As students enter the room, they will have a seat, take out their Problem of the Day (POD) sheet and begin to work on the question on the SMARTboard. The POD allows students to use MP 3 continually based on the discussions we have about the problem each day.
To start the class, our POD is designed to generate thinking from the students about their understanding of ratios and the ratios that exist between the surface area and volume of figures. I want them to recognize the distinct difference between the two measurements and to know how to apply each measurement during problem solving.
What is the connection between the surface area of a figure and the volume of the same figure? Are you able to predict the volume if you know the surface area of a figure? How?
Students will work in small groups of 3 to continue exploring surface area and volume. Using linking cubes or centimeter cubes, groups will start by making four cubes that range in edge length from one to four. Students will fill in the dimensions, surface area and volume of all four cubes. They will also record the information for a cube with edge length 5 and with an edge length of 6. Next, students will find the ratio of surface area to volume for each cube and identify the one with the highest ratio and the lowest ratio. On a piece of grid paper, I want students to graph the edge length vs. the surface area to volume ratio. Within each group, students will discuss the relationships they see on their graph. What happens between the relationship between surface area and volume as the size of the cube increases? Would this relationship be the same if the object were a prism instead of a cube? What would happen if only one dimension was increased rather than all three?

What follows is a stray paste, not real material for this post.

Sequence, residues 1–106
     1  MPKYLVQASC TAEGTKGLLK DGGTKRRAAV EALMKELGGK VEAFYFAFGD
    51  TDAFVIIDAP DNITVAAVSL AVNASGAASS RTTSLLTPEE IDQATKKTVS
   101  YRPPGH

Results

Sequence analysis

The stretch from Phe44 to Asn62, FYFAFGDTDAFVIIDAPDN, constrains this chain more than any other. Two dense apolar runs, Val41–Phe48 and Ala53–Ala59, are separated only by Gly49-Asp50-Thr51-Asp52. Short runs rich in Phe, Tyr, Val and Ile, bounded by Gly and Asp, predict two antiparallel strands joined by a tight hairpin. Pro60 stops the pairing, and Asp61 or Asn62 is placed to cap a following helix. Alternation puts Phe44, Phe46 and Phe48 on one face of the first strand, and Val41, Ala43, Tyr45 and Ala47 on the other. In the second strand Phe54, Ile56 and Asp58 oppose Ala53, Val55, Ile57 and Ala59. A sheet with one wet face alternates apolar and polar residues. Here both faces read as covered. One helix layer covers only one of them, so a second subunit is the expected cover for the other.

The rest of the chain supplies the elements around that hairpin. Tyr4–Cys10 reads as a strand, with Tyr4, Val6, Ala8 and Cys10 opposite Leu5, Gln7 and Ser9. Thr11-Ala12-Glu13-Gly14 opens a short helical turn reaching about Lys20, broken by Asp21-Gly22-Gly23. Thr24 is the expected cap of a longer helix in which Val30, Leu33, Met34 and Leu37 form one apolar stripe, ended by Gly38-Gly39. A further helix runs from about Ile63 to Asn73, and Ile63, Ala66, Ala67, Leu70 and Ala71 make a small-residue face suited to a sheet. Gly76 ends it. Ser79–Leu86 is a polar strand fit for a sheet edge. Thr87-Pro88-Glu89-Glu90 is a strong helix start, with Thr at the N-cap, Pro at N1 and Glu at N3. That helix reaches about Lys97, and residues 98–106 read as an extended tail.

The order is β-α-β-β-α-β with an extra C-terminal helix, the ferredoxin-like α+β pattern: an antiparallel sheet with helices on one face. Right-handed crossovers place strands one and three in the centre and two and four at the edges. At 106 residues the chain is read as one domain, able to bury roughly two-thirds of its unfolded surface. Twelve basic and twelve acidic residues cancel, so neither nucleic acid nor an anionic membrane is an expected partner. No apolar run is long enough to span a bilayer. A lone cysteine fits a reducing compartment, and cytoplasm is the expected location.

Students will investigate using a prism. Groups can choose what size to make the prism. The dimensions, volume, and surface area will be recorded on the Cover and Fill sheet. Students will increase the height of the prism by one cube then find the new surface area and volume. Students will increase the height of the prism five more times and find the new surface area and volume. They will record the surface area to volume on the lab sheet. Students will create a second graph that compares the height to the surface area to volume ratio.
Students will summarize their learning from this activity by writing a paragraph that represents their conclusions. We will share paragraphs with the whole class to compare and discuss findings.
To close the lesson today I want students to think about the relationship between the surface area of a figure and the volume of that figure. The activity today required them to write the relationship between surface area and volume as a ratio and to use that ratio as a factor in a graph. Do they understand what that means? How do they determine that ratio? What does that ratio mean and can they explain it?
Describe the relationship between the surface area and volume of a figure. What does the surface area to volume ratio represent?